All you need to know regarding Fido’s diet
For you – looking for the best diet, for them who cannot choose for themselves: it is YOUR RESPONSIBILITY to do so!
Navigating the pet food world is not an easy thing to do, and to make a conscious and rational choice, it takes knowledge and information.
Because of this, we compiled a list with all the existing diets in the pet world, explaining their characteristics and always describing them in relation to dogs’ and cats’ welfare, so that you can take note of each alternative and rate them yourself.
|A homemade diet is that which you prepare especially for your dog and cat at home, using boiled meat, white meat, oily fish (because it contains less fat) and vegetables such as carrots, celery, zucchini, but it does not include your dinner leftovers. Eggs, oil and carbohydrates can also be used with moderation, while dairy products, onions, garlic and leeks, sweets and grapes are to be avoided. Note: A homemade diet is good, among the best for both dogs and cats, however it presents some problems. It takes a considerable amount of time to prepare and, above all, it needs to be well balanced. A complicated task, even for those who are experts at it. The balance is essentially the following:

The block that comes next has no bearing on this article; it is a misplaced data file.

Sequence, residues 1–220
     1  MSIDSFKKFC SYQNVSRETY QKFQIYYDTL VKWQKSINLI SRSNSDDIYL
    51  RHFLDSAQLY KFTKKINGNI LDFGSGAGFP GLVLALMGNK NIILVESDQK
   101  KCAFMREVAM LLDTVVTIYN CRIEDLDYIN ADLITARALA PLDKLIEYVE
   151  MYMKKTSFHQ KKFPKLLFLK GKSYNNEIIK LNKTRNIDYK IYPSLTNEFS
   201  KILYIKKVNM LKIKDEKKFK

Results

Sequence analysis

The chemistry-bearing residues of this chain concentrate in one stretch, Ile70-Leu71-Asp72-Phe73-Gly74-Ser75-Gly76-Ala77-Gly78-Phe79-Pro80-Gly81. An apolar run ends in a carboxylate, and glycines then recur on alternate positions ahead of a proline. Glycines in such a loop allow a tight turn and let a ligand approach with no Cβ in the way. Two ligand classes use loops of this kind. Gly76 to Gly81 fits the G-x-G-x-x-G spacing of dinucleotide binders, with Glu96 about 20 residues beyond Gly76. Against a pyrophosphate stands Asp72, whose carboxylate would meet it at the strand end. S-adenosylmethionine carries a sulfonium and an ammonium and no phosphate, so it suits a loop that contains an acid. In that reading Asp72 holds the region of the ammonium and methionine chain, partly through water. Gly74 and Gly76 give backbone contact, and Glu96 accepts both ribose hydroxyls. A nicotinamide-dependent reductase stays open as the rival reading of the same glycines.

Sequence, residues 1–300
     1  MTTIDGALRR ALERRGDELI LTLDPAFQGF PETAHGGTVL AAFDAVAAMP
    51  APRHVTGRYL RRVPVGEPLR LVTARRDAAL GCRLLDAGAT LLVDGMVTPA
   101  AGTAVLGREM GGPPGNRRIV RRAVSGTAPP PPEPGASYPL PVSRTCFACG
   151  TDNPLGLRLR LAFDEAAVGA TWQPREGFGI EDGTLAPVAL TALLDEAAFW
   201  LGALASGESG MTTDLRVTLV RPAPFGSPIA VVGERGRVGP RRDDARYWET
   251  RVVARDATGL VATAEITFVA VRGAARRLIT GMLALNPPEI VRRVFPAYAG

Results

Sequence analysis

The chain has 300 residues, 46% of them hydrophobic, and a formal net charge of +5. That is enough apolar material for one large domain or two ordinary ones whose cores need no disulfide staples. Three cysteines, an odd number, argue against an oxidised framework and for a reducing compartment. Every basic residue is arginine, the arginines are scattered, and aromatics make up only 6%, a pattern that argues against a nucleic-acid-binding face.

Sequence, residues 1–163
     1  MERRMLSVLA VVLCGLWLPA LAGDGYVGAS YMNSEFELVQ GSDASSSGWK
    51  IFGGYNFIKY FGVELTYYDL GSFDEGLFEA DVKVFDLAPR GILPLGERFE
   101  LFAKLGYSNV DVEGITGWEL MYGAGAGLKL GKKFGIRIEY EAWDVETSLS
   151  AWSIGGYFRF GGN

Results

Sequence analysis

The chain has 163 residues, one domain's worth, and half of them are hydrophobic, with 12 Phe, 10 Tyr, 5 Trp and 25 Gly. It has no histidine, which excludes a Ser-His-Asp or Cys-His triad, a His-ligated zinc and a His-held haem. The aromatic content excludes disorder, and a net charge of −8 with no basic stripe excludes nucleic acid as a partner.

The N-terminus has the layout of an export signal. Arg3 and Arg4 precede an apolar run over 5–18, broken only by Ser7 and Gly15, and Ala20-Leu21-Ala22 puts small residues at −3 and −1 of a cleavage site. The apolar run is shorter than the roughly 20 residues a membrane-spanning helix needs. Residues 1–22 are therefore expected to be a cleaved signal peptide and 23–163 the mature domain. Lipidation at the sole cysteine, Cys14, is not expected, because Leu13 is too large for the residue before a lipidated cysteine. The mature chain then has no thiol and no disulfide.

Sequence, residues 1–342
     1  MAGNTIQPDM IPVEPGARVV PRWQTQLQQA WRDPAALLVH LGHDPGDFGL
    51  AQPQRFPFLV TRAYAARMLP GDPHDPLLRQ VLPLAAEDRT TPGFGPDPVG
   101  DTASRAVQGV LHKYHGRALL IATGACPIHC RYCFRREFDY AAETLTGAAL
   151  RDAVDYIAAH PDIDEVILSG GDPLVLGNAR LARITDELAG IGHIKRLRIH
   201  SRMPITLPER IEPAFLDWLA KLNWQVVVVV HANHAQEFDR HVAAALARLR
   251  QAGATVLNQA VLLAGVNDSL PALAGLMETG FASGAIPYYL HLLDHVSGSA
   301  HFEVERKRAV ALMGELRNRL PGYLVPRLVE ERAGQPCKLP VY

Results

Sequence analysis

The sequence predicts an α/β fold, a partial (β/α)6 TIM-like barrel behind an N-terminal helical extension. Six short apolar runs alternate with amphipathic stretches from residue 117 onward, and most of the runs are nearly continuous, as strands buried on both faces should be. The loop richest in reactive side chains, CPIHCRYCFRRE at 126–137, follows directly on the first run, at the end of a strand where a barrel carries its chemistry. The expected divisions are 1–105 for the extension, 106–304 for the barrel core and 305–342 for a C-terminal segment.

The BARF diet consists of raw meat, bones and offal. Like the homemade diet, you have to prepare it keeping in mind to ensure a proper balance. The amount of the ingredients is almost the same as the homemade diet’s, with the difference that it is all raw and, instead of cereals / tubers, fruit is added to the mix.
Note: The feeding of raw meat involves integrating supplements (dried seaweed, vitamin B, linseed oil, cod liver oil). Moreover, it is hard to digest. A warning - also reported by the Food and Drug Administration - there is a possible danger to consuming that raw meat as it may be a vehicle for dangerous microorganisms such as Salmonella and Listeria. The bone also may contain toxic elements, such as oxytetracycline, an antibiotic that can cause severe inflammation and jeopardize the health of dogs and cats.